Russian Social Media Disruption Report

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Lost Books
18 min readNov 25, 2017


If you’ve participated at all in comments online over the past year, the certainty is near 100% that you’ve seen other people called or have been called yourself, a “troll,” “shill,” or maybe even a <gasp> “Russian.”

Accusations like these are rampant online, as is the paranoia which fosters them, thanks in no small part to a cloud of sensationalist media coverage and our seemingly intrinsic need to find bad guys lurking around every corner…

Part 1: Disrupting democracy

Showtime’s most recent season of Homeland — season 6, episode 9 (2017) — portrays a shadowy quasi-governmental, private tech startup called the Office of Policy Coordination. Located six floors underground in a nondescript office building outside Washington, DC, the company is found to be responsible for secretly running a massive army of phony sock-puppet accounts across social media, posing as ordinary people in order to advance a nefarious political agenda.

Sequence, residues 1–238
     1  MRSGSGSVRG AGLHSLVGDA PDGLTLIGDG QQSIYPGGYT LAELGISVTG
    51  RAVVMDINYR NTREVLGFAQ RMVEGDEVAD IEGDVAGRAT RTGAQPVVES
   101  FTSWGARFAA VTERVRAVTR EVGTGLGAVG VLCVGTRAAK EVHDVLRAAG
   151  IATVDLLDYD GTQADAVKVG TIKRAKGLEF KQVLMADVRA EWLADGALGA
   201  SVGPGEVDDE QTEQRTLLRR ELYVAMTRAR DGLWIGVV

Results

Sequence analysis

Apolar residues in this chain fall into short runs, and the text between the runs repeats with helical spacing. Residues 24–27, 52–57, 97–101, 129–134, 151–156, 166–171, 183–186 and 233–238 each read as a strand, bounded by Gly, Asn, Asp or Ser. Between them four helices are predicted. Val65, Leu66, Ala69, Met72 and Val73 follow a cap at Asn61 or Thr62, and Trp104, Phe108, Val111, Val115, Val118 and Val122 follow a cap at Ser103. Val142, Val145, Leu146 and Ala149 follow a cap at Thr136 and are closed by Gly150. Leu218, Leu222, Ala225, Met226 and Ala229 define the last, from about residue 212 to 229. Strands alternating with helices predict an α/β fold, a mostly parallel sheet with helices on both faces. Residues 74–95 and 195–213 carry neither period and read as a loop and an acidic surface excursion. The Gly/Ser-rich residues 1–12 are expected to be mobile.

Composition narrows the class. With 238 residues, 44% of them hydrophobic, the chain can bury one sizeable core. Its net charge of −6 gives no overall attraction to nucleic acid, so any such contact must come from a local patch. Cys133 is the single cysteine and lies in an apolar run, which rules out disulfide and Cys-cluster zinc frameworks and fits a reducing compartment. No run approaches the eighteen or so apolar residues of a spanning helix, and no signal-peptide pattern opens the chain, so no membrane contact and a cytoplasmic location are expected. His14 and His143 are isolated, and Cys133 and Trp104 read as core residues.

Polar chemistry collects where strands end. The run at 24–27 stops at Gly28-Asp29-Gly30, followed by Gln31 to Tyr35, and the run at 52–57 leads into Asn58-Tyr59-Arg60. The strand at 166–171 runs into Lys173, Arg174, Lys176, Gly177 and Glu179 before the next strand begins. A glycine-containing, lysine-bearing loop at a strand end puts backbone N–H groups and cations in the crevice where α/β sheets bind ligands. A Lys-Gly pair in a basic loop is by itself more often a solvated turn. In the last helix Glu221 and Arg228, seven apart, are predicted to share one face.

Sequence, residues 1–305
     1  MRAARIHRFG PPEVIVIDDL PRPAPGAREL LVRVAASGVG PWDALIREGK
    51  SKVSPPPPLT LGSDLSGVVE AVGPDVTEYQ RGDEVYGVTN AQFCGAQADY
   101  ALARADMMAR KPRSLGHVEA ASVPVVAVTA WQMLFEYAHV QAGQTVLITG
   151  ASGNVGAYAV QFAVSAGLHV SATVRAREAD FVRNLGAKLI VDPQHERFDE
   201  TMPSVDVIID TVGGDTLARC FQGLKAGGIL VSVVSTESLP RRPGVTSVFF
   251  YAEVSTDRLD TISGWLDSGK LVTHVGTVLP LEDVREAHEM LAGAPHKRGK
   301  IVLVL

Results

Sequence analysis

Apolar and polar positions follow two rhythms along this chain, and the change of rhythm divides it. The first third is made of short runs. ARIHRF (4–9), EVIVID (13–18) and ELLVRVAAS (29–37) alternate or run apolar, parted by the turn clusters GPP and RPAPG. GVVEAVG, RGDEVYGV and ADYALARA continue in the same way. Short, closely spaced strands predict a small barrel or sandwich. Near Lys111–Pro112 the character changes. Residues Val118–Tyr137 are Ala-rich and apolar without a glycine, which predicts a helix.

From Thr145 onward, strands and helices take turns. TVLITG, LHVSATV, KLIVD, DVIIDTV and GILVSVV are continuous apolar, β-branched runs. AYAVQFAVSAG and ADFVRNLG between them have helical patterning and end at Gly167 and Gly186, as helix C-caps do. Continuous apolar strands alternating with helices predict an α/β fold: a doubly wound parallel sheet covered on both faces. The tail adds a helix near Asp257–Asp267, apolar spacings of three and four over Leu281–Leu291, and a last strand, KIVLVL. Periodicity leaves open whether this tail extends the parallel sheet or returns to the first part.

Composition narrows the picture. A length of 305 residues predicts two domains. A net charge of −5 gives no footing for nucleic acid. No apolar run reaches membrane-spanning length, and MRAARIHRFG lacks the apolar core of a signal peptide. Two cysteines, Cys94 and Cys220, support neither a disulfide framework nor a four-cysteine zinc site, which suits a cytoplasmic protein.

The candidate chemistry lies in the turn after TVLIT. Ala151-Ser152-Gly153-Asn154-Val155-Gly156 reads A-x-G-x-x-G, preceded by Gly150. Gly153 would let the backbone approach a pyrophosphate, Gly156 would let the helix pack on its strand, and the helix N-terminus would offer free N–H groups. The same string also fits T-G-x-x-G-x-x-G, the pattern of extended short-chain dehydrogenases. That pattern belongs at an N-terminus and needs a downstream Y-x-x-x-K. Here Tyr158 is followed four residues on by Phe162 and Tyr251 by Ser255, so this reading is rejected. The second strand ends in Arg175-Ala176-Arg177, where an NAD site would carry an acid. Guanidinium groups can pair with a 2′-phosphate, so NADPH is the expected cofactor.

Here’s a two minute clip for reference:

Airing originally in March of this year, the subplot is obviously inspired by events which transpired in cyberspace around the 2016 U.S. presidential election (along with Brexit, and possibly others), where malicious state-sponsored actors allegedly attempted to disrupt the democratic process.

We know the real world analogue of Homeland’s fictional Office of Policy Coordination to be the now infamous Internet Research Agency, or as they’re sometimes called in the media, the ‘Trolls from Olgino.’

Given the confusing, conflicting, and convoluted information out there about this alleged Russian interference, I took it upon myself to do the only logical thing any normal person would do: make a Carrie Mathison-style “crazy wall” inside my shed next to my chicken coop to try and sort it all out.